Fashion + Throw-Away Culture

Can we throw-away the throw-away culture?

In the UK, 350,000 tonnes of wearable clothing are disposed of in landfill per year. Instead of repairing, mending or thrifting old clothes, many are buying and disposing of clothes that are barely even a year old. It has created a ‘throw-away culture’ that feeds off trends, fashion statements and influencer culture. So, how has throw-away culture grown so fashionable? Why won’t it ever go away? And what can we do to stop it?

The growth of throw-away culture

The new norm of style over substance has sky-rocketed over recent years. The growth in technology and the internet has aided many to add to throw-away culture, with the likes of influencers and Instagram at the centre. The false realities of a different outfit a day have subconsciously promoted to many that an outfit should only be worn once and never re-worn again. In 2019, the Chairwoman for the Environmental Audit Committee stated, “People can’t wear the same thing twice” and that “You buy something, wear it once, take a snap and get rid of it.”. It has inevitably become a popularity contest of who can get the most likes, shares and comments on what people are wearing.

It has become a question of briefly feeding people’s egos online than actually taking into consideration if the clothes they wear will last more than their Instagram photo. This proves that throw-away culture has become an absent-minded norm in everyday life. People are more likely to shop for now, rather than later, and are less likely to invest in that singular fashion staple as it wouldn’t be ‘trendy’ enough. An example of this is the huge influx of sales in loungewear throughout the COVID-19 pandemic. In 2020, ASOS reported a 329% influx of profits due to the demand for loungewear and sportswear throughout the pandemic. What will happen when life gets back to normal again? It is highly doubtful that we will see people dressing the way they are now for ‘normal’ life, exclaiming that we are buying for now rather than later.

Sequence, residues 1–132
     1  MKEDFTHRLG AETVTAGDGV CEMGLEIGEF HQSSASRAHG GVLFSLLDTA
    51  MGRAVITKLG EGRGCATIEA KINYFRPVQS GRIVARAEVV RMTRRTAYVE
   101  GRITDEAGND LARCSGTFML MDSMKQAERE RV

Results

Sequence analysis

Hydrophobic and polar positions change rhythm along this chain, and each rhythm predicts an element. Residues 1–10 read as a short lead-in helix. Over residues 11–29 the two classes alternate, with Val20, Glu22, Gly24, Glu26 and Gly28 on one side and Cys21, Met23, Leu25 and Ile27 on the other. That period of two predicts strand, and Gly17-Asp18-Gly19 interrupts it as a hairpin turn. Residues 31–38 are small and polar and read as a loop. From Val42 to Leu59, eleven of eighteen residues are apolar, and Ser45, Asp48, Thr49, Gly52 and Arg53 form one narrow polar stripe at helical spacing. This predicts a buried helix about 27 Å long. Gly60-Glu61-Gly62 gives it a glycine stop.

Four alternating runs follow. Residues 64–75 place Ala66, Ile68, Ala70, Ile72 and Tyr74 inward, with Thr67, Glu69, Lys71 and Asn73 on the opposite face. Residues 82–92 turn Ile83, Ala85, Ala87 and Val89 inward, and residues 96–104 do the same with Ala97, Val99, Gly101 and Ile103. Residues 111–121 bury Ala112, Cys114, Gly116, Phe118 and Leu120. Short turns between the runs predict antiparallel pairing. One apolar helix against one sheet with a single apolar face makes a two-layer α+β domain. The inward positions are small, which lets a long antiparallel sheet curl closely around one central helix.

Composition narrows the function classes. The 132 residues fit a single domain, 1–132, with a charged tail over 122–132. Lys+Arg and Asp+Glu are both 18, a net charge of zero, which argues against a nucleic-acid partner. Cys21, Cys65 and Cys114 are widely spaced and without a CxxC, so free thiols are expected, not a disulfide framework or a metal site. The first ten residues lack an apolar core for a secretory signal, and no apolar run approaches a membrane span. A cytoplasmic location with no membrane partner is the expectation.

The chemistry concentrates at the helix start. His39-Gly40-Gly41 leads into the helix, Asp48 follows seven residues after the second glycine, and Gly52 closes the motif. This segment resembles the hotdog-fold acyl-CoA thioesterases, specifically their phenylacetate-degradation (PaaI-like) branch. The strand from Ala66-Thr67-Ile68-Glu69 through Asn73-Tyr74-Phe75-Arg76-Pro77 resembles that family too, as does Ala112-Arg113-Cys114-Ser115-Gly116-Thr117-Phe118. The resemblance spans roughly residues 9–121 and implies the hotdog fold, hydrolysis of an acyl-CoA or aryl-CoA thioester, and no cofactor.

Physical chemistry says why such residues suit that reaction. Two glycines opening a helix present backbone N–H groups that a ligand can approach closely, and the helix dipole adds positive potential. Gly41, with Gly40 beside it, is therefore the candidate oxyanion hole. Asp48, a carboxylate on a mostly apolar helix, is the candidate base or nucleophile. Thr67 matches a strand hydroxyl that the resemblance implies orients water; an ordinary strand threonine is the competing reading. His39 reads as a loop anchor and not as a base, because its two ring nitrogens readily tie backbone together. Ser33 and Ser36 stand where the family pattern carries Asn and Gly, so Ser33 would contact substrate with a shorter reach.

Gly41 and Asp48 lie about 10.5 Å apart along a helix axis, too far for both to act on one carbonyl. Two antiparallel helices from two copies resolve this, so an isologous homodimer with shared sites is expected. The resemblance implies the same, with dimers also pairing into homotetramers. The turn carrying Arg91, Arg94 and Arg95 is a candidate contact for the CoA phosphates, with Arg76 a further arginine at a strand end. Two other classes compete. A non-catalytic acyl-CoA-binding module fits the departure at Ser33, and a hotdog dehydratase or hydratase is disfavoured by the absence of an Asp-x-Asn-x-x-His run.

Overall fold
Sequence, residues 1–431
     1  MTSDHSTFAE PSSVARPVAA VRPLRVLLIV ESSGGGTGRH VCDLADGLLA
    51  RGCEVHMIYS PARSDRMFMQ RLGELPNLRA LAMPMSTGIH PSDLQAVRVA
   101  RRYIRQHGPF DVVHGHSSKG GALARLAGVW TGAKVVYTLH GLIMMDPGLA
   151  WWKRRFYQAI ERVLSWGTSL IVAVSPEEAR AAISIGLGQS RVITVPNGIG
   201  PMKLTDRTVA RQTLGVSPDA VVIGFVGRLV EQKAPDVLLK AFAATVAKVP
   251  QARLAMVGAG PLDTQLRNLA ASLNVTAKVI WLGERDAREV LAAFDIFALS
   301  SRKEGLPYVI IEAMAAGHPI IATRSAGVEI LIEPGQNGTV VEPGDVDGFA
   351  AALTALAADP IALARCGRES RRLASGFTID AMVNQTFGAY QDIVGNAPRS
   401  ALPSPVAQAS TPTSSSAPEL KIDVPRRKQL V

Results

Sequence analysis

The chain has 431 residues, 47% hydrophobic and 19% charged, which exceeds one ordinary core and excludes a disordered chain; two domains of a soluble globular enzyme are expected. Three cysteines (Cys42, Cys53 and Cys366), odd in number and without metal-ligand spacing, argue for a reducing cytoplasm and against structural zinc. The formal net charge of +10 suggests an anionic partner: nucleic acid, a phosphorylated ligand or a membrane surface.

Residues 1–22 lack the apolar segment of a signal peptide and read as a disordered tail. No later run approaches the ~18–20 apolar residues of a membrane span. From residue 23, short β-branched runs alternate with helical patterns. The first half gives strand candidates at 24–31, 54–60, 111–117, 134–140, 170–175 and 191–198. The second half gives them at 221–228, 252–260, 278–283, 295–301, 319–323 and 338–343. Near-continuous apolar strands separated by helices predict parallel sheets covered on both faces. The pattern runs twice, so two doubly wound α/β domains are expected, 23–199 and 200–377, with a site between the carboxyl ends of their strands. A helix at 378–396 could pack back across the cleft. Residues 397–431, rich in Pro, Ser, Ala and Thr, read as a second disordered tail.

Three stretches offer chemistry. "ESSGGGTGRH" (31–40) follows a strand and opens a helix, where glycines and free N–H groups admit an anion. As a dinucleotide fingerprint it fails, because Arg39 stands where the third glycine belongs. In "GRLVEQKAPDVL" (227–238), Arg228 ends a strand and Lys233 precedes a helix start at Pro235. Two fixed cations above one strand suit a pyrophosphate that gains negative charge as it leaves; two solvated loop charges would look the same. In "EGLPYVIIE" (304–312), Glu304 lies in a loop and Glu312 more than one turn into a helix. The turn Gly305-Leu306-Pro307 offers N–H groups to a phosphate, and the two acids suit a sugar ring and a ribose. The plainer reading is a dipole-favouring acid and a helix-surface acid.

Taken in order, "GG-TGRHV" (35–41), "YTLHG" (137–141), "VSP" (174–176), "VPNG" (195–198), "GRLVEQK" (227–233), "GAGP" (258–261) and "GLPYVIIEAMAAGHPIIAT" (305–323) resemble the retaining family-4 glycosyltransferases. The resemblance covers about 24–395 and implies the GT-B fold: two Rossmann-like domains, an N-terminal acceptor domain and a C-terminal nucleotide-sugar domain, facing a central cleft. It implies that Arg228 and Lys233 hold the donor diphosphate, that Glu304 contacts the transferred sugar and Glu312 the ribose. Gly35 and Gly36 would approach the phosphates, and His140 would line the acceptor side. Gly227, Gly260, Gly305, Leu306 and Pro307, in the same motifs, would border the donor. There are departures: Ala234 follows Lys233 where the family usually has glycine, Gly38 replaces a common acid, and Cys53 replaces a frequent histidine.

The next best thing?

By buying for the present and not the future, there is a constant demand for the next best thing. It is what has kept fast fashion and online businesses running. With access to a supercomputer in our pocket, it has become so easy to click a singular button and order an outfit straight to our homes. Impulse buying online has kept throw-away culture in demand, with many disposing of these garments after little use. So, what can be done to stop it?

Issues of tackling throw-away culture

The easiest way to tackle throw-away culture is to turn to slow fashion alternatives. Slow fashion typically promotes timeless wardrobe staples that can be used again and again. It also typically has long-lasting wearability that fast fashion lacks. However, to choose slow fashion requires more time and money. This blog by Kelly Compton explores how the fashion industry can be classist. Compton speaks of how many sustainable and ethical brands cost more than fast fashion. Can anything truly be done to conquer throw away culture when fast fashion is so accessible?

An alternative to throw-away culture is to thrift clothes. However, thrifting at vintage shops, charity shops and online stores such as Depop is incredibly time-consuming. It continues the classist issue; people with more money are more likely to have more time to find a perfect staple piece. When thrifting, you have to have the time to look through each individual item in the store. This is even disregarding the ability to find a garment in your size, never mind a hidden gem. To tackle the time issue, apps such as Vinted and Depop were born. However, as Berkeley’s Economic Journal reports, there is an extortionate profit many sellers receive when selling off those very apps. Buying a pair of shorts worth £10 in-store are easily sold for £45 online.

What can we actually do?

The easiest way to throw away the throw-away culture is to adjust your own perspective. Keep educated on the subject. With this, you can slowly be able to resist impulse buys and start to buy clothes that transcend trends. Harper’s Bazaar published an article stating that adopting a 30 wears test when shopping (asking yourself ‘would I wear this 30 times?’) helps create a new mindset. It is trends and information like this that can truly help to look to the future with fashion instead of the present. By changing our attitude to shopping, we can make it substance over style just by changing our perspective.

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